RWU Involvement Possibilities: Organization/Club Chair or President, Head Resident Assistant, Multi Year Org/Club Officer or Board Member, Varsity/Club Sport Team Captain, Manager, Internships
Core Competencies for Student Leaders
Social Responsibility: Student leaders must role model social responsibility at all times but especially when representing the college/university. On and off campus behaviors should match the values of the organization and institution leaders represent.
Multicultural Competency: Multicultural competency is developed through celebration of diverse cultures, advocacy for the needs and identities of all members within the community, recognition of the diverse communities within the campus community and beyond, education and awareness of the concerns of those diverse communities, and support of the ongoing inclusion, understanding and dignity of all members within and beyond the campus community. Being able to understand one’s own identity, as well as recognizing the similarities and differences of others, will equip students to serve and lead as citizens in a global society.
Meaningful Interpersonal Relationships: Establishing meaningful interpersonal relationships are critical for successful leadership in campus activities. Student leaders often rely on committee volunteers to carry out the essential tasks related to providing programs and services. The work of campus activities is often supported by several on and off-campus constituencies. Professionalism, diplomacy and recognizing the support of others will enhance organizational effectiveness.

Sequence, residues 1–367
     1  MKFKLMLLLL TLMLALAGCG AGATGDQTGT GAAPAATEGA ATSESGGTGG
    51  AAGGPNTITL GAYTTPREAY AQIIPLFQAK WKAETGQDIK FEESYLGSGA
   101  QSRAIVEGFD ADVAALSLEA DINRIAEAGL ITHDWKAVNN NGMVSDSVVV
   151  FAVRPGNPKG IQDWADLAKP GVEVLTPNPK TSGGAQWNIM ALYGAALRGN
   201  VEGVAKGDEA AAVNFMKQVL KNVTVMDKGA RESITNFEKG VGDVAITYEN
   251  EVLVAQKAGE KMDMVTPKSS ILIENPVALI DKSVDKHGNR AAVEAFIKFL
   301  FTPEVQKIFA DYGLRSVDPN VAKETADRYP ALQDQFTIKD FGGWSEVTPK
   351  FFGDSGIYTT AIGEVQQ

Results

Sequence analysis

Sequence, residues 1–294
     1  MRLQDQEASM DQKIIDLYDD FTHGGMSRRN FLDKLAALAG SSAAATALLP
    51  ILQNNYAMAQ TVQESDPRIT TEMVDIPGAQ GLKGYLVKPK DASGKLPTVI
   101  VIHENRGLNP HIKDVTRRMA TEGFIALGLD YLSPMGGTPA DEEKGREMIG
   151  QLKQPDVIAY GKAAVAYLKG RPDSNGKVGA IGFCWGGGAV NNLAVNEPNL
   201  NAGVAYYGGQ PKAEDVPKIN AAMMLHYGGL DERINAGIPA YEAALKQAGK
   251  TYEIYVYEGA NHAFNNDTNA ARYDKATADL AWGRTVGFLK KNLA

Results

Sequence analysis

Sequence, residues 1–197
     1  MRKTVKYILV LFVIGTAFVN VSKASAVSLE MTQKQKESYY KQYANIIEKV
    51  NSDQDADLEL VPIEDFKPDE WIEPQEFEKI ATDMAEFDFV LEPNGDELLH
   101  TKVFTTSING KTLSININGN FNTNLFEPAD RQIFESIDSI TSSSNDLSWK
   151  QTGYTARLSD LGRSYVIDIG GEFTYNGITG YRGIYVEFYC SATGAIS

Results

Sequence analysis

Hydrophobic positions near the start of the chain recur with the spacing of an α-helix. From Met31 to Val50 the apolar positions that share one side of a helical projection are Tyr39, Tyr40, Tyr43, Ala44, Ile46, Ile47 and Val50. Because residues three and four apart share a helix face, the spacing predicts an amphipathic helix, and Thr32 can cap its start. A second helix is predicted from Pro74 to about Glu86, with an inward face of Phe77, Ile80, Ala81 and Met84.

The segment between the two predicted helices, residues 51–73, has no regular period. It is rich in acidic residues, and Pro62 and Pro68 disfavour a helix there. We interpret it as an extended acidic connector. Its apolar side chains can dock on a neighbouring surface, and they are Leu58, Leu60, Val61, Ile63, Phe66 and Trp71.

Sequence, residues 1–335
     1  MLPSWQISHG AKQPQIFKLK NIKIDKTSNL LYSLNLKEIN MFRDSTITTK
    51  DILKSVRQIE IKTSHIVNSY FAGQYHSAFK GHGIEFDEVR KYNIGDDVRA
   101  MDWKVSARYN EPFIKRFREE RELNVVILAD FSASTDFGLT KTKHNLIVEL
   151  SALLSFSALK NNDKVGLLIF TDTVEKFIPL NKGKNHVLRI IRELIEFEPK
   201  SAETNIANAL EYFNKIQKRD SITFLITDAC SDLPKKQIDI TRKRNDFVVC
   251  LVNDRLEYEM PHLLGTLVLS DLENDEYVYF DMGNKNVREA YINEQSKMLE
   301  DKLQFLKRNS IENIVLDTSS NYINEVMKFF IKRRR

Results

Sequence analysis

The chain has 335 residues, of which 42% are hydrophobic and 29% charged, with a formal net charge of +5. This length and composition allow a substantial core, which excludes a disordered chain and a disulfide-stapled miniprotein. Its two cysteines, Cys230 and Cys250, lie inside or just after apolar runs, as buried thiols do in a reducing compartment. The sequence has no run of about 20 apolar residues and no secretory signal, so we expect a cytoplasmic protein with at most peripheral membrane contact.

This competency is supported by Effective Communication & Collaboration.
Leadership Development: Leadership involves a broad spectrum of skills and character qualities. Student leaders involved in campus activities must understand that their role is to be a positive change agent, to influence others and create a vision. Leadership is a process rather than a position. Leadership is relationship oriented and situational in nature.
Healthy Behavior & Satisfying Lifestyles with many focuses including balance and spiritual awareness.
Core competencies adapted from the National Association of Campus Activities
Low Ropes CourseClick to Open
What is a Low Ropes course?
A low ropes course is an outdoor experience; members who participate in the course will traverse different “elements”, or activities that may include ropes, balance beams and tight wires. Traditionally, courses are set up in a wooded area in order to utilize the natural surroundings to create the course. Groups will work together in order to solve scenarios involving the elements, as prescribed to them by their course facilitator.
Roger Williams University Ropes Course
Built in 2009 and designed by High 5 Adventure Learning Center, our course is located on the north end of campus. Student Programs & Leadership organizes and hosts leadership development training on our low-ropes course for students, faculty and staff. Each year our RWU facilitators go through training designed by High 5 Adventure in order to better improve the experience on our ropes course
When we bring participants to the RWU low ropes course we want them to be fully immersed in the experiential education experience. We find that the ropes course experience provides an opportunity to practice leadership skills in “live” situations. We provide individuals with the opportunity to engage in activities and then reflect upon his/her experience. Participants are faced with challenges, without any specific directions as how to go about determining a solution. Participating on the RWU ropes course emphasizes the opportunity for a better understanding of oneself and his/her place within a team dynamic.